The advantages include saving money and time, especially on lawn maintenance, and it can also improve lifestyle and help with environmental issues.
Low maintenance – generating savings on time and up-keep costs. This applies to homeowners, the elderly for whom maintenance is not practical, second/holiday home owners and also organisations such as local councils who have to maintain roadside verges, city parks and pathways
No watering – ideal where water is scarce or in hosepipe/sprinkler ban areas.
Better for the environment – no need for pesticides and mowing.
Ideal for areas of heavy usage – no more slippery, muddy areas, no more muddy shoes or muddy dogs’ paws to have to clean up!
All-year-round green – aesthetically pleasing to the eye no matter what time of year. No more yellow patches on your lawn and no more weeds staring back at you!
Clean and hygienically safe – no degradation by pets.
Artificial grass is low maintenance, helping you to save on time and money. You will have a beautiful lawn with no need to mow or water the grass, add fertiliser, and your pets won’t damage the grass.
This is not generally recommended as the existing grass will die and compact to give an uneven surface. However if the surface is even and has good drainage then this is possible.
Artificial grass is permeable so the rain water will run straight through it. However it is a good idea to fit a drainage base below the levelling layer. This is discussed further in our installation section.
You can lay your grass onto a whole host of bases. A good, hard one would be tarmac, asphalt or concrete and it’s generally better if you are laying your grass outside that it is porous (as tarmac is).
If you wish to install on top of concrete then you need to be careful that the edges of any slabs don’t show through. You could cover the concrete with a layer of sand or, even better, install a rubber shockpad between the concrete and the artificial grass. Either sand or a shockpad is also needed when you overlay the join of two different materials, for example soil to concrete.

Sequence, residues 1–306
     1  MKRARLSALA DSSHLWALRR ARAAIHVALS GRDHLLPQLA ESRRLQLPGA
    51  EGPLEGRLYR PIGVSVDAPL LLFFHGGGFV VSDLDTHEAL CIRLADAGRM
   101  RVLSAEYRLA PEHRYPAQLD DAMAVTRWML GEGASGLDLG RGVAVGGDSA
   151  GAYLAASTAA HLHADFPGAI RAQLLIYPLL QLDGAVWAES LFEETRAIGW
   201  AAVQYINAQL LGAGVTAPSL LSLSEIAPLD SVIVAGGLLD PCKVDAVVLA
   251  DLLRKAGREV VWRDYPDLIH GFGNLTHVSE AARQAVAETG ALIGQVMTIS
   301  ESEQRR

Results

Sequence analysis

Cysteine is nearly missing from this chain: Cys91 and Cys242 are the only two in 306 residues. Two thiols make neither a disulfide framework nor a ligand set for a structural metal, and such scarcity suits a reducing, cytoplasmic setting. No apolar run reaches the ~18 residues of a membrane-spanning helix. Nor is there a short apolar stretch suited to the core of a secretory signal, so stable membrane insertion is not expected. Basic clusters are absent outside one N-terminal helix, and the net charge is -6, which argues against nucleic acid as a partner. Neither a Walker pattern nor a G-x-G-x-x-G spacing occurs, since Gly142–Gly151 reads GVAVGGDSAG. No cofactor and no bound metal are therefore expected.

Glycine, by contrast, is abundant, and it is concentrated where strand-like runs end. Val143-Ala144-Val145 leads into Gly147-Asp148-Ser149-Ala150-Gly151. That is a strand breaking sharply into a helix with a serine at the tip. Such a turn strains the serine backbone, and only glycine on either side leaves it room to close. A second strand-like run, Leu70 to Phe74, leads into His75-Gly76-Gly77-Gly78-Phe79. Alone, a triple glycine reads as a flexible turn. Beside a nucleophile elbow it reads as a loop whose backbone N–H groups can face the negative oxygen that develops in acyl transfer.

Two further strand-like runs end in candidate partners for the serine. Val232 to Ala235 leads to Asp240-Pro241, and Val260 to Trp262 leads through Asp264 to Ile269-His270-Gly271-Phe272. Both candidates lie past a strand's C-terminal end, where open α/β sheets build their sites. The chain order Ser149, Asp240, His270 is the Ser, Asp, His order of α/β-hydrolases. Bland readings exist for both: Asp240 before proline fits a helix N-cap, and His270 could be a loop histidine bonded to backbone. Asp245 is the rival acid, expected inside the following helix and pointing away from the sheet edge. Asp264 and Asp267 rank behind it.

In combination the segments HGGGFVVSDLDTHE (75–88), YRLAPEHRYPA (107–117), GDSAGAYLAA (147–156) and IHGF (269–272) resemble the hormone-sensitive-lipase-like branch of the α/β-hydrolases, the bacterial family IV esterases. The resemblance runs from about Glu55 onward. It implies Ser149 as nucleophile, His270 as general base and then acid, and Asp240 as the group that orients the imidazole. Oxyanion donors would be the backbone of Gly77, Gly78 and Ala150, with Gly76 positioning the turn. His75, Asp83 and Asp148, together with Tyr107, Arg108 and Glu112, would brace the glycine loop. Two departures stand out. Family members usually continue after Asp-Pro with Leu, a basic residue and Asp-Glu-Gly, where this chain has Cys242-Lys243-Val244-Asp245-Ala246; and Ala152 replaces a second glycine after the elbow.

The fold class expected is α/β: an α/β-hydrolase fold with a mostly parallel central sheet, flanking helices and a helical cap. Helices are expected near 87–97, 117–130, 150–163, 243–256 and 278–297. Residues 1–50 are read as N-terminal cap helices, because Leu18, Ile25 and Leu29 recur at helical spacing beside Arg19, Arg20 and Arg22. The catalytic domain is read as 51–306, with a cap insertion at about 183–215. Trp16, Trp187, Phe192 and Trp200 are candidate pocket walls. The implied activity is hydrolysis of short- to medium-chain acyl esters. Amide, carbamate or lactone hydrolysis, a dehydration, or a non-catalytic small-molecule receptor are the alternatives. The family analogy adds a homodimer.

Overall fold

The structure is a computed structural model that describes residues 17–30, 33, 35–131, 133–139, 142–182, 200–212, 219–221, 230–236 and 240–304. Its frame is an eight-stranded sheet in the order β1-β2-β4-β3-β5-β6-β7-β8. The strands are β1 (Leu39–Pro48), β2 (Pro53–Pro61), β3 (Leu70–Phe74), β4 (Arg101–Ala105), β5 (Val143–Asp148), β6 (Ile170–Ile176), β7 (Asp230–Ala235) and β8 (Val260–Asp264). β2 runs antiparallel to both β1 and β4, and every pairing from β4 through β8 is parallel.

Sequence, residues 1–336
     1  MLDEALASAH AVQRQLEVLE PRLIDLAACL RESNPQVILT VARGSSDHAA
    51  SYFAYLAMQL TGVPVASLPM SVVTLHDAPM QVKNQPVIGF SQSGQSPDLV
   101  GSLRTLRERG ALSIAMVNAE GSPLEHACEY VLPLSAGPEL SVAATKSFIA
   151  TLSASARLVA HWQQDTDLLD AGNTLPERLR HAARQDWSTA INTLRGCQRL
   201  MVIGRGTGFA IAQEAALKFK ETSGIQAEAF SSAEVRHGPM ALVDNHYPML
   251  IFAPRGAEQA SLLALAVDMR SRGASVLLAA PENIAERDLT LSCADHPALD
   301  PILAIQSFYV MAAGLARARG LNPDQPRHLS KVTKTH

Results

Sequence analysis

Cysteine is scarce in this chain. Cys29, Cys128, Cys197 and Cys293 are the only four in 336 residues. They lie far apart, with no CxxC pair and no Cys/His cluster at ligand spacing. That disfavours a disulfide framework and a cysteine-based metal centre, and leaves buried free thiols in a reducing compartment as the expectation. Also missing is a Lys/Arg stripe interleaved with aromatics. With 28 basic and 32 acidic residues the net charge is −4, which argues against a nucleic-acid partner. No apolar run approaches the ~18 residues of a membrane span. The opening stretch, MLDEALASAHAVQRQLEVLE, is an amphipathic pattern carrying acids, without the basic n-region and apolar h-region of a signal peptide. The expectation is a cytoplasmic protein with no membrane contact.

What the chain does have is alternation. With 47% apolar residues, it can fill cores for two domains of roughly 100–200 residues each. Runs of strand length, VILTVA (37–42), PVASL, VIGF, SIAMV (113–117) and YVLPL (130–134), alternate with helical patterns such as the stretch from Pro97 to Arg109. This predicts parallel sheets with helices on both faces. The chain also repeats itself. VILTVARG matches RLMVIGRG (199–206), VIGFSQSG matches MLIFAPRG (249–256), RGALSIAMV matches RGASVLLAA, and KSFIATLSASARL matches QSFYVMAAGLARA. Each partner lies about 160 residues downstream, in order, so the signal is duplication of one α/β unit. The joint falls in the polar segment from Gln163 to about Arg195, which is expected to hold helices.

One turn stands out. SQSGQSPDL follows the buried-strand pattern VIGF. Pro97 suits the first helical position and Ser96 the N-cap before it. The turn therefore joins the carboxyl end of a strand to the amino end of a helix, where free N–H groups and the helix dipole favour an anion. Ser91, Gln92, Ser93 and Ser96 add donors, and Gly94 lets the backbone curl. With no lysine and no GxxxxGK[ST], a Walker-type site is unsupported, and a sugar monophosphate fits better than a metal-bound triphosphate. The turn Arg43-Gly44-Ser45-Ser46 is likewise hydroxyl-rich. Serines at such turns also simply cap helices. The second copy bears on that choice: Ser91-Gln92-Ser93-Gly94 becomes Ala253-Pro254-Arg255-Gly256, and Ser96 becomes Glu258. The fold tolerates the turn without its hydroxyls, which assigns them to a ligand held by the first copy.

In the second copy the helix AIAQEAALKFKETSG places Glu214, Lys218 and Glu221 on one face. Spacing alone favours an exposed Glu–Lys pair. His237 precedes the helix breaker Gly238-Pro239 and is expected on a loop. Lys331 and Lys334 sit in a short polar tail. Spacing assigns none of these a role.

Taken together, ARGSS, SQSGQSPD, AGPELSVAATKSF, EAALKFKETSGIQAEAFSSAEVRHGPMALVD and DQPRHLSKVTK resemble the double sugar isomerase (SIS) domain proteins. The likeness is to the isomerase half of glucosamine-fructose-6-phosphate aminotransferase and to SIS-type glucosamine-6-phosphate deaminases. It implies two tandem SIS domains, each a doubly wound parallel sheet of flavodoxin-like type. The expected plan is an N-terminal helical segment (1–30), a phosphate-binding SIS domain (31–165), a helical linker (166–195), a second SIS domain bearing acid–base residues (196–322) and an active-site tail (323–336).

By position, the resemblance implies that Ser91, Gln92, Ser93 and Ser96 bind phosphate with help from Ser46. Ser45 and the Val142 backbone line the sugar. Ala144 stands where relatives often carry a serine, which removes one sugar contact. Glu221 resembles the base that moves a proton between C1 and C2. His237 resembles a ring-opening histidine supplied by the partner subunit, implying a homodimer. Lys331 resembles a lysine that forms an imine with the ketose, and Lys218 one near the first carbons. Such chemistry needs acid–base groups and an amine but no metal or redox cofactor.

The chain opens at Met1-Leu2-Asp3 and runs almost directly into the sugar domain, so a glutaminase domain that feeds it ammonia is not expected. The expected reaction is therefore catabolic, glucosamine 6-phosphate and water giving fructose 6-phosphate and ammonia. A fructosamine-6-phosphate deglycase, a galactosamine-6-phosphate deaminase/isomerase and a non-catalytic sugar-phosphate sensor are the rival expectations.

If the surface is impermeable, we advise a slight slope to help water run off. Alternatively you can install sub-surface drainage.
Many customers of our like to lay their grass onto decking. This again, is fine, but you need to put plywood down first to give a flat surface, otherwise after a few weeks of use, the grass will start to fit through gaps and make ridges, spoiling your beautiful space.
This depends on how heavily your artificial grass is used and what maintenance you carry out – grass with regular, light maintenance will continue to look good for years. It is also worth considering that artificial grass used on football pitches is usually expected to last for over eight years!
Generally speaking, a mild detergent is the best thing to use. You should avoid products that are acidic in nature (ie. pH less than 3) or have oxidising properties (like bleach or peroxide).
Very little indeed. You need to remove any debris which falls onto the grass and smooth any infill you may have. A leaf rake or garden broom will remove debris like fallen leaves, help realign the fibres and will smooth it over. As the artificial grass is permeable, rain water will run through the the backing and clean it at the same time.
Your pets will be fine! They tend to treat artificial grass just like normal grass except they can’t dig it up! Any droppings are easy for you to remove or wash away. If the grass will receive very heavy use from pets, as it would in a kennels, we recommend that you use disinfectant to clean it as this will help remove smells and kill bacteria. However, where you have light use, this is rarely needed.
Yes, it does. So, you need to make sure you align the directions of any different pieces of grass when you lay it down, which is quite easy to do.